Euro Overnight Borrowing Cost Rises for First Time Since ECB Cut

A measure of overnight borrowing costs in euros rose for the first time since the European Central Bank cut its deposit rate to zero.

The euro overnight indexed average, or Eonia, was set at 11.9 basis points yesterday from a record low 11.4 the day before, according to the European Banking Federation. The gauge of unsecured lending rates, derived from a daily survey of banks, was 33.1 basis points when the ECB lowered its benchmark rates.

An estimate of overnight borrowing costs over the next three months also rose. The Eonia OIS swap was 10.6 basis points at 9:25 a.m. in London from 9.9 yesterday, according to data compiled by Bloomberg.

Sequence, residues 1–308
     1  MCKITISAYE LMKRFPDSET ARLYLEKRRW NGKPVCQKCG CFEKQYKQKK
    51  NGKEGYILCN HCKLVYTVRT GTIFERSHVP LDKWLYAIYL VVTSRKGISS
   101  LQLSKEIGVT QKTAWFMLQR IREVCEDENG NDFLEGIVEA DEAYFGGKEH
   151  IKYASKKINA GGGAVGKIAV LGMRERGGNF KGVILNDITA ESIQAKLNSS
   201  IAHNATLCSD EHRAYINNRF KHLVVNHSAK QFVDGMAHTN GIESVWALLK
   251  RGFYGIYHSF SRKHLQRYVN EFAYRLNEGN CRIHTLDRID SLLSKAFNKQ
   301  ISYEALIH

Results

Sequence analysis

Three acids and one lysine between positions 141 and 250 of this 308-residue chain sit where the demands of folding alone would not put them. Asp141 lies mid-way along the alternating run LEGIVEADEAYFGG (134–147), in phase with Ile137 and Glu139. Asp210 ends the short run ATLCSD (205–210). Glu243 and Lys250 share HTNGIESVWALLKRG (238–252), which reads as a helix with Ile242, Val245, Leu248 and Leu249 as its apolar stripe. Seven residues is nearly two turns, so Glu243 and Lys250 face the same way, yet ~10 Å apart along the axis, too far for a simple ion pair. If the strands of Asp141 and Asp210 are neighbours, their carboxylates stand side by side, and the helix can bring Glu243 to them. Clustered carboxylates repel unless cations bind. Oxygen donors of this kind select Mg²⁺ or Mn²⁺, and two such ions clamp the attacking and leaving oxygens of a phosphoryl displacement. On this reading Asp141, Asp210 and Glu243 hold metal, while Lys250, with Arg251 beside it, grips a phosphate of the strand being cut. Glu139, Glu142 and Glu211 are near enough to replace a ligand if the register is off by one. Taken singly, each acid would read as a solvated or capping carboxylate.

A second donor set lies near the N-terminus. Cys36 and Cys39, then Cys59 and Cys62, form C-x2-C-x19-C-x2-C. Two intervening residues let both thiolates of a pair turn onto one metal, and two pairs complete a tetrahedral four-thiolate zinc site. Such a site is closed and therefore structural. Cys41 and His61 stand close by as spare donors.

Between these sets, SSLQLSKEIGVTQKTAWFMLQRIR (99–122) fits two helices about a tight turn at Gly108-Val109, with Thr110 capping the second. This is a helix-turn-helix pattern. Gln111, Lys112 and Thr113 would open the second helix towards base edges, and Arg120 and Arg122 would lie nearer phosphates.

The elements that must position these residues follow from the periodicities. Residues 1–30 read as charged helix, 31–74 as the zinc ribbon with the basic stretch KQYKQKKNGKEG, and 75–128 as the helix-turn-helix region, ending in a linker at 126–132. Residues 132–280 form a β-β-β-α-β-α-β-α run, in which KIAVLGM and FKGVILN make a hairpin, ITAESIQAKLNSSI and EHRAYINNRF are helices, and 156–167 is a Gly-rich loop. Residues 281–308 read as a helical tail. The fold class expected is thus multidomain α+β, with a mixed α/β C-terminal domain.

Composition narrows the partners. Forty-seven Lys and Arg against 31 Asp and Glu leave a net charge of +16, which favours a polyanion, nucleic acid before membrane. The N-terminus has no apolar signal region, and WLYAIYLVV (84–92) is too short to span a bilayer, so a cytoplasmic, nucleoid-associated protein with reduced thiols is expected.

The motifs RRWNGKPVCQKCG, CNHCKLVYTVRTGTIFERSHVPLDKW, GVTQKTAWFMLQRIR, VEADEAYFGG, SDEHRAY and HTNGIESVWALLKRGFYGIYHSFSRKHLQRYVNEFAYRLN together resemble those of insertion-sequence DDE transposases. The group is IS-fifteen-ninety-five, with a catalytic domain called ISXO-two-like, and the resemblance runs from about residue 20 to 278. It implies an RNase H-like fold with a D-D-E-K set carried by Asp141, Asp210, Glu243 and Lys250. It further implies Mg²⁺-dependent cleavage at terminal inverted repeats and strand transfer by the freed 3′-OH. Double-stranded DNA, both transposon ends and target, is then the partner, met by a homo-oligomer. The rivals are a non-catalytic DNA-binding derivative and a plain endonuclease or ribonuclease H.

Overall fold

Banks reduced overnight deposits at the Frankfurt-based ECB yesterday as lenders placed 382 billion euros ($469 billion) from 404 billion euros the day before.

The cost for European banks to borrow in dollars fell to a seven-week low. The three-month cross-currency basis swap, the rate banks pay to convert euro interest payments into dollars, was 46.5 basis points below the euro interbank offered rate from minus 47 the day before.

The one-year basis swap was 53 basis points, or 0.53 percentage point, below Euribor from minus 52. Euribor is the rate banks say they see each other lending in euros, according to the same panel of banks that contribute to Eonia. Three-month Euribor was set at a record low 0.47 percent yesterday.

Euribor is published daily after 10 a.m. London time and Eonia is published at the end of the day.

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